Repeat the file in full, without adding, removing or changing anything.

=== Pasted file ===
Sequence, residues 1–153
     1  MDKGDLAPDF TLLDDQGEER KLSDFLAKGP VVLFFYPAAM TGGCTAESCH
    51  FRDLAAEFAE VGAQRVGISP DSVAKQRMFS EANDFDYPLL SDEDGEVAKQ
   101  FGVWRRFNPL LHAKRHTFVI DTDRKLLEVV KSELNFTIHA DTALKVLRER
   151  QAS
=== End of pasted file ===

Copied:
Sequence, residues 1–153
     1  MDKGDLAPDF TLLDDQGEER KLSDFLAKGP VVLFFYPAAM TGGCTAESCH
    51  FRDLAAEFAE VGAQRVGISP DSVAKQRMFS EANDFDYPLL SDEDGEVAKQ
   101  FGVWRRFNPL LHAKRHTFVI DTDRKLLEVV KSELNFTIHA DTALKVLRER
   151  QAS